Inspiration as Guide

Anyone out there having the challenge of choosing their next knitting project?  I used to  have the conundrum about four times a year, every time I received a new Vogue Knitting in the mail.  And, I thought I was inundated with choice, then!  Now, with Ravelry, social networking, and independent designers both far and near and accessible to the masses,  the choice nowadays really is overwhelming!

I have written about this before, the criteria for choosing the next project (see below).  In reviewing my own list, I have come to realize I left something out.

  • immediate excitement of pattern or construction of a project
  • challenging in some way
  • can be paired with existing pieces in current wardrobe
  • has a purpose or becomes a focal point
  • must be a style that works for me
  • original and hopefully not able to be found in a clothing store

Inspiration, I left out inspiration.  Somehow, when I am perusing patterns, I notice I am talking to myself.  (In teaching “workshop methodologies”, the gurus call it eavesdropping on one’s thinking).  I am thinking… does the pattern remind me of something / someone / somewhere?  Does it bring back a memory?  Is the color / style reminiscent of a garment of long ago?  Does it speak to my emotional being in some way?  The second I saw the equestrian vest in Vogue Knitting Early Fall 2010 designed by Mari Lynn PatrickI knew this project would find itself into my wardrobe.

It was 1965 when I was introduced to, what I now call, my heaven.   Is this not the cutest picture?  I am the “equestrian” in the middle.

1965 - age 7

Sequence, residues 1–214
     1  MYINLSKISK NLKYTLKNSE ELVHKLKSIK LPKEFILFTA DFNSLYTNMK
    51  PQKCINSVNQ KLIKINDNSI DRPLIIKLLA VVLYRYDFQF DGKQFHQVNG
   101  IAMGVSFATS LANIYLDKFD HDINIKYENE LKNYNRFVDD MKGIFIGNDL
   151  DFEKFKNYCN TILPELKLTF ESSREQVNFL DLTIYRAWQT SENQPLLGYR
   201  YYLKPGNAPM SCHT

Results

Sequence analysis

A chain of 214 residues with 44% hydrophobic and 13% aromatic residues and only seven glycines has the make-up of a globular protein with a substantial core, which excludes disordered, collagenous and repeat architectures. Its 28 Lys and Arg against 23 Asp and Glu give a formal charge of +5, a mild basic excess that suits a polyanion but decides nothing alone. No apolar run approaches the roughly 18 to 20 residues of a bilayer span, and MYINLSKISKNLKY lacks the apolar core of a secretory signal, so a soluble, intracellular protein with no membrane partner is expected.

A camp.  A horse backriding camp that I would return to for the whole of my entire childhood, about one hour away from where I was living, and to the place I feel I learned how to ride horses (the obvious), but also how to grow socially and emotionally.  Set in the rolling hills of Western New York, Camp Sprucelands was a haven for making friendships, developing an understanding of animals and their needs, and growing one’s independence.  Every summer for years and years, I would return, counting the days till I got there, kicking and screaming going home for the then upcoming school year.

Below, is my first blue ribbon.  (first place for you non-equestrian folks)

first blue ribbonb

A camp for the striving equestrian, boys and girls learned how to ride horses, English or Hunt Seat, and to take care of them.  We were called horse masters and if we were really lucky, we were invited to be part of such things as drill teams and show teams.  That led us to the barns at privileged times such as 4:00 in the mornings (and that is a good thing) and back to the barns in the evenings.  Activity centered around such tasks as bathing horses, braiding manes and tails, and saddle soaping leather goods.


Below, circa 1967.  Looks like a horse show with my number tied to my waist…


Below:  teenager.  But, I do wonder where my hard hat is.

age 13ishb

Again, in horse show garb…


I was proud to represent the camp at a local County Fair.  You can see the horse’s mane braided, below.

Erie County Fairb

So, when I turned to that pattern and saw the beautiful model in her jodhpurs in that barn with her stylish Equestrian Tunic, I knew that would be me… again!


happy at campb

and now.


Let inspiration be your guide as you surf the net, explore patterns, and attempt to choose YOUR next masterpiece.

2 responses to “Inspiration as Guide”

  1. Thank you, Holly, for this lovely post. It is both exciting and overwhelming (depending on one’s frame of mind at the particular moment) to discover all the patterns, designers, and yarns that are available. How can one possibly keep up? I have decided to call it “random order” or “ordered randomness”, as one clicks on a link or a post or picks up a magazine or book….these will inevitably lead to other discoveries and connections. These in turn build the queue, fortify the stash, and enlarge the library. However, your list of criteria, with the essential element of “inspiration”, provides the necessary guideposts that reduce the randomness and enhance the sense of order. In so many ways the equestrian is a very apt metaphor for the process. Happy knitting to you on this last day of 2012 and into the new year! Arielle


    • Love your comment, Arielle! So very true the way you put it and we all have responsibility to resources, so, for me, I’ve set this criteria! Always lovely chatting with you and many wishes for inspiration in your New Year!


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